Senate Republicans will be looking to their counterparts in the House to halt the necessary funding and conduct sharp oversight of the law as an effective means to build support for a full repeal on Capitol Hill, as well as among the public. They also believe that court challenges will aid their campaign. But Republican Senators also intend to be proactive.
“There will be the usual effort by a lot of us to try, if not repeal the darn thing, replace it with something that will work,” said Sen. Orrin Hatch (R-Utah), who will take over as ranking member of the Finance Committee in January and be in a position to drive the GOP repeal effort in his chamber. “I want good health care for our people, but that bill is a travesty. It’s an expensive travesty and a political boondoggle.”
Senate Democrats were united in their support of the health care reform law upon final passage last spring. But the measure maintains varying degrees of support throughout the country, and some Democrats are expressing a willingness to at least make adjustments to the law, conceding its imperfections. The RealClearPolitics.com average of all polls released Aug. 27 to Dec. 18 showed support for the law at 40.6 percent and opposition at 52.1 percent.
Sen. Jon Tester said he is open to making improvements to the law. The Montana lawmaker is one of nearly a dozen Democrats up for re-election in 2012 in states that either tilt Republican or performed well for the GOP on Nov. 2.
“I think there’s going to be plenty opportunity to take the health care bill and make it into a better bill,” Tester said. “I am absolutely open to everybody’s ideas — Democrat, Republican, independent and everybody in between. Let’s look at the options, if we can make it better, hell yes, let’s do it.”
Senate Republican Conference Vice Chairman John Barrasso (Wyo.) plans to continue his practice of taking to the floor once a week to deliver a speech critical of the law. Barrasso, an orthopedic surgeon, calls this messaging campaign “a doctor’s second opinion,” and he uses it to both offer suggestions for how to change it and to dissect the law to expose what he contends are flaws.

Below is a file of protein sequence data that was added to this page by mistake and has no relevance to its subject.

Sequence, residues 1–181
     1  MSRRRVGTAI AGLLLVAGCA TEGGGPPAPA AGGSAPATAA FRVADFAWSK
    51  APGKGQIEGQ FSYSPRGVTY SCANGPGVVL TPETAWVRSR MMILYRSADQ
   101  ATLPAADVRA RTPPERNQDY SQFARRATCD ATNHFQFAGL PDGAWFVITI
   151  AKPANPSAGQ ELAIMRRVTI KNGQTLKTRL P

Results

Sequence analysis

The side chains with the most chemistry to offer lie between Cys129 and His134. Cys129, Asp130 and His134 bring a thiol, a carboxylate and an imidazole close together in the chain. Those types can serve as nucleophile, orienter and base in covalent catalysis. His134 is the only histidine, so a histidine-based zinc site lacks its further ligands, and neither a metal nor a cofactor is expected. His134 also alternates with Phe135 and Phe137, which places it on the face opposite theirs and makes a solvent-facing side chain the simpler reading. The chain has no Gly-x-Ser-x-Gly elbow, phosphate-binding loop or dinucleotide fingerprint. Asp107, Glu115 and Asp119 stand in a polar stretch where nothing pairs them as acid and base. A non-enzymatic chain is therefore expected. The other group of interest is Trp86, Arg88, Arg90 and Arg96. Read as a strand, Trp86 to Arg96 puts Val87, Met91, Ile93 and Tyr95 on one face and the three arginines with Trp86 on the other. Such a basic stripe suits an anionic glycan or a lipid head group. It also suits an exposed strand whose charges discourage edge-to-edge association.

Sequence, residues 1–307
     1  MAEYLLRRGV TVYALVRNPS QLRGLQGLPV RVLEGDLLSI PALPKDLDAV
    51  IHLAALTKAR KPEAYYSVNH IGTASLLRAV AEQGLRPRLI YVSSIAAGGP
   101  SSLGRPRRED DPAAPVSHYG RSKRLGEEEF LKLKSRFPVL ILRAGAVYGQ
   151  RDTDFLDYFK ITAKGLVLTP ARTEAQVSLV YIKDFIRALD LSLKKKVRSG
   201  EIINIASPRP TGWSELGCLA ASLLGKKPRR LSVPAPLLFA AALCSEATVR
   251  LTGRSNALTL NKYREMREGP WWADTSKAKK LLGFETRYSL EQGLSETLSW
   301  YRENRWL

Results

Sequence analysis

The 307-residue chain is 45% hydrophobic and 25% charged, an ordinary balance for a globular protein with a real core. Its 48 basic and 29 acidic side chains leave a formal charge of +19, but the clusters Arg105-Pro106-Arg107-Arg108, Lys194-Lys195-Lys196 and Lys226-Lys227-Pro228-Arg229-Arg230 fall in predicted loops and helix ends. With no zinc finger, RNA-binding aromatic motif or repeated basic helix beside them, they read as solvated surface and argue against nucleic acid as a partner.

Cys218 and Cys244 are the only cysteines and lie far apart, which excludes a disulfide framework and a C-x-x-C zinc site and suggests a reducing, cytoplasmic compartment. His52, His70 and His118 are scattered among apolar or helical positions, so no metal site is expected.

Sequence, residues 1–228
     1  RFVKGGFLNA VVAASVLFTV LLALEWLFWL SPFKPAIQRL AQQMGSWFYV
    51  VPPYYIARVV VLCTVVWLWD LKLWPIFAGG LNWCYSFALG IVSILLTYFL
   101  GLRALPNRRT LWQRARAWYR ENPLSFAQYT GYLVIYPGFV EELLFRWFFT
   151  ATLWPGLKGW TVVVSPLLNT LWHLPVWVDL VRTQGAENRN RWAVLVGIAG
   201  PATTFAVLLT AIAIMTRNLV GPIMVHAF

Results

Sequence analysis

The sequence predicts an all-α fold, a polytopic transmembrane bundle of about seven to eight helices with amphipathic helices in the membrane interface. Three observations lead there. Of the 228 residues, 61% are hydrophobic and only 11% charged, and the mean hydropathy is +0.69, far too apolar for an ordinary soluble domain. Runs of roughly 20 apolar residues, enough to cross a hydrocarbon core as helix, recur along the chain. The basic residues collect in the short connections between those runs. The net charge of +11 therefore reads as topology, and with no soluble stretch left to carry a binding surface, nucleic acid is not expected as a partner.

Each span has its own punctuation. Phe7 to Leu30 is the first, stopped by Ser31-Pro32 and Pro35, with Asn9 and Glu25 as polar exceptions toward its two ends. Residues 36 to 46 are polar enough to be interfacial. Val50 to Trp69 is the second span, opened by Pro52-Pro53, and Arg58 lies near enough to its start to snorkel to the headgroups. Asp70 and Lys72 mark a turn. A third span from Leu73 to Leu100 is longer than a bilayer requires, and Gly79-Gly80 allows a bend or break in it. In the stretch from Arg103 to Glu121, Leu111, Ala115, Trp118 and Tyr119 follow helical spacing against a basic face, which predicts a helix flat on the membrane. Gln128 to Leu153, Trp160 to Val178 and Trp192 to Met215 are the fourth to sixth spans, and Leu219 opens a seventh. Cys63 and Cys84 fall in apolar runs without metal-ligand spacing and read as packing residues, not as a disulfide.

Republicans believe their push to block implementation of the law and help lay the foundation for repeal will be significantly boosted by the thousands of regulations that the Department of Health and Human Services is writing to comply with the reform legislation’s directives. Barrasso, highlighting his negative view of already-written regulations and how they have been applied, confirmed that this would be an area the GOP focuses on.
“We can certainly try to force a vote on it,” the Wyoming Republican added. “We have a number of issues, though, that we’re going to come up with, related to health care, with repealing and replacing.”
Most Democrats remain committed to preserving and enhancing the health care law. The law includes several provisions sought for decades by Democratic presidents and Congressional leaders, including a ban on insurance companies refusing to sell coverage based on a pre-existing conditions, an elimination of financial caps on coverage and allowing children to stay on their parents’ policy until age 26.
On January 3, Sen. Kirsten Gillibrand, D-N.Y., raises her right hand as her son Henry messes up her hair while Vice President Joseph R. Biden Jr., delivers the ceremonial swearing-in in the Old Senate Chamber. Gillibrand's other son Theodore, lower right, looks on.
Each year since 1990, CQ Roll Call has reviewed the financial disclosures of all 541 senators, representatives and delegates to determine the 50 richest members of Congress. This year's report, derived from forms covering the calendar year 2012, shows it took a net worth of $6.67 million to crack the exclusive club.